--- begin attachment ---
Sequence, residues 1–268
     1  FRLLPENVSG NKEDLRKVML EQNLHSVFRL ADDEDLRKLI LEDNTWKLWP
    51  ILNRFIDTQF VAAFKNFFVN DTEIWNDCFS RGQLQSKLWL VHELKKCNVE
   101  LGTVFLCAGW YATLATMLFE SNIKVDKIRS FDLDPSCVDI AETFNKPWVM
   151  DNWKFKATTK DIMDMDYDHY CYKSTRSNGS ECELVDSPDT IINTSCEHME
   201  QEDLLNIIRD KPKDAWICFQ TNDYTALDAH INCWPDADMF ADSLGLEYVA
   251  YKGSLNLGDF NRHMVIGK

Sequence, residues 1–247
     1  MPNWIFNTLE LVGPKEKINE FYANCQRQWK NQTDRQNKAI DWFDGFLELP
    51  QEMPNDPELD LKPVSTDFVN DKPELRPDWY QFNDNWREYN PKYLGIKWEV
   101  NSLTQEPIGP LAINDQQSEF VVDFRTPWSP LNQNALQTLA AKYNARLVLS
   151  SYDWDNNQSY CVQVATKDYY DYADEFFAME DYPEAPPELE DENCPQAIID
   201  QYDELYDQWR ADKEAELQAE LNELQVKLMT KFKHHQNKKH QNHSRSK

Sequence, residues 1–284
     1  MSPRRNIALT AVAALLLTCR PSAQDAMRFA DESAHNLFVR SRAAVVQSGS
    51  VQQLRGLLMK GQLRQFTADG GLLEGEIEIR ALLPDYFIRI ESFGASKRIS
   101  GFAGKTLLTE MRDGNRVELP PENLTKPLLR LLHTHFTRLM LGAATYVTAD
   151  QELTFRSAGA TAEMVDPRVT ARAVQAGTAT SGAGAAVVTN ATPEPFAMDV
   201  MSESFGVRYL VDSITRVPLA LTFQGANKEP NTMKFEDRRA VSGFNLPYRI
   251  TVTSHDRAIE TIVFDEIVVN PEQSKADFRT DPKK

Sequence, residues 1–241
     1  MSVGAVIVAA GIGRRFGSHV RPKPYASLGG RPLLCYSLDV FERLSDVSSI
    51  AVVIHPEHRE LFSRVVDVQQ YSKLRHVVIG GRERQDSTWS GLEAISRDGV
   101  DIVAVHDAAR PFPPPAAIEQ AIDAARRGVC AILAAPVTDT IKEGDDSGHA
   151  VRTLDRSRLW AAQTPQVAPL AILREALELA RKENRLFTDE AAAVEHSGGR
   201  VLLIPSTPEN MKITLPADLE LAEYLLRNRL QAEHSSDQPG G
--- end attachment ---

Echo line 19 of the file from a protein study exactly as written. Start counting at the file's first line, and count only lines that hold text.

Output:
   201  MSESFGVRYL VDSITRVPLA LTFQGANKEP NTMKFEDRRA VSGFNLPYRI